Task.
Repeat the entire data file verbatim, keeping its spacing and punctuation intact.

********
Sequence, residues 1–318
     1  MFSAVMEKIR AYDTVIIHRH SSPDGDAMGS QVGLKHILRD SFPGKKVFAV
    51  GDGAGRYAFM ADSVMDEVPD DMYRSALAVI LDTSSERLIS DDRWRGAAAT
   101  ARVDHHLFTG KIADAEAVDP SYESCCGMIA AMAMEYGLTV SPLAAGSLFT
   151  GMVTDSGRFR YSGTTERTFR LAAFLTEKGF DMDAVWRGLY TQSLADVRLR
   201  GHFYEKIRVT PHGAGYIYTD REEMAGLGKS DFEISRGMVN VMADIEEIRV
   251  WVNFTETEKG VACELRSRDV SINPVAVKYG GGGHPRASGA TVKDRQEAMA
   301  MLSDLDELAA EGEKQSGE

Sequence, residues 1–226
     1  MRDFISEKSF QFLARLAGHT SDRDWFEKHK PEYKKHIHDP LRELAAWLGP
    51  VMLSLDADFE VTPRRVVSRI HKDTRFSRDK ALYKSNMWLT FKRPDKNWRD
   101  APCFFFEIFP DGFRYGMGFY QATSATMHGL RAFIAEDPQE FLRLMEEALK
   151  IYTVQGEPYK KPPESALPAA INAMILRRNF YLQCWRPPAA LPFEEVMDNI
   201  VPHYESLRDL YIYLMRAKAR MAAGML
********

Sequence, residues 1–318
     1  MFSAVMEKIR AYDTVIIHRH SSPDGDAMGS QVGLKHILRD SFPGKKVFAV
    51  GDGAGRYAFM ADSVMDEVPD DMYRSALAVI LDTSSERLIS DDRWRGAAAT
   101  ARVDHHLFTG KIADAEAVDP SYESCCGMIA AMAMEYGLTV SPLAAGSLFT
   151  GMVTDSGRFR YSGTTERTFR LAAFLTEKGF DMDAVWRGLY TQSLADVRLR
   201  GHFYEKIRVT PHGAGYIYTD REEMAGLGKS DFEISRGMVN VMADIEEIRV
   251  WVNFTETEKG VACELRSRDV SINPVAVKYG GGGHPRASGA TVKDRQEAMA
   301  MLSDLDELAA EGEKQSGE

Sequence, residues 1–226
     1  MRDFISEKSF QFLARLAGHT SDRDWFEKHK PEYKKHIHDP LRELAAWLGP
    51  VMLSLDADFE VTPRRVVSRI HKDTRFSRDK ALYKSNMWLT FKRPDKNWRD
   101  APCFFFEIFP DGFRYGMGFY QATSATMHGL RAFIAEDPQE FLRLMEEALK
   151  IYTVQGEPYK KPPESALPAA INAMILRRNF YLQCWRPPAA LPFEEVMDNI
   201  VPHYESLRDL YIYLMRAKAR MAAGML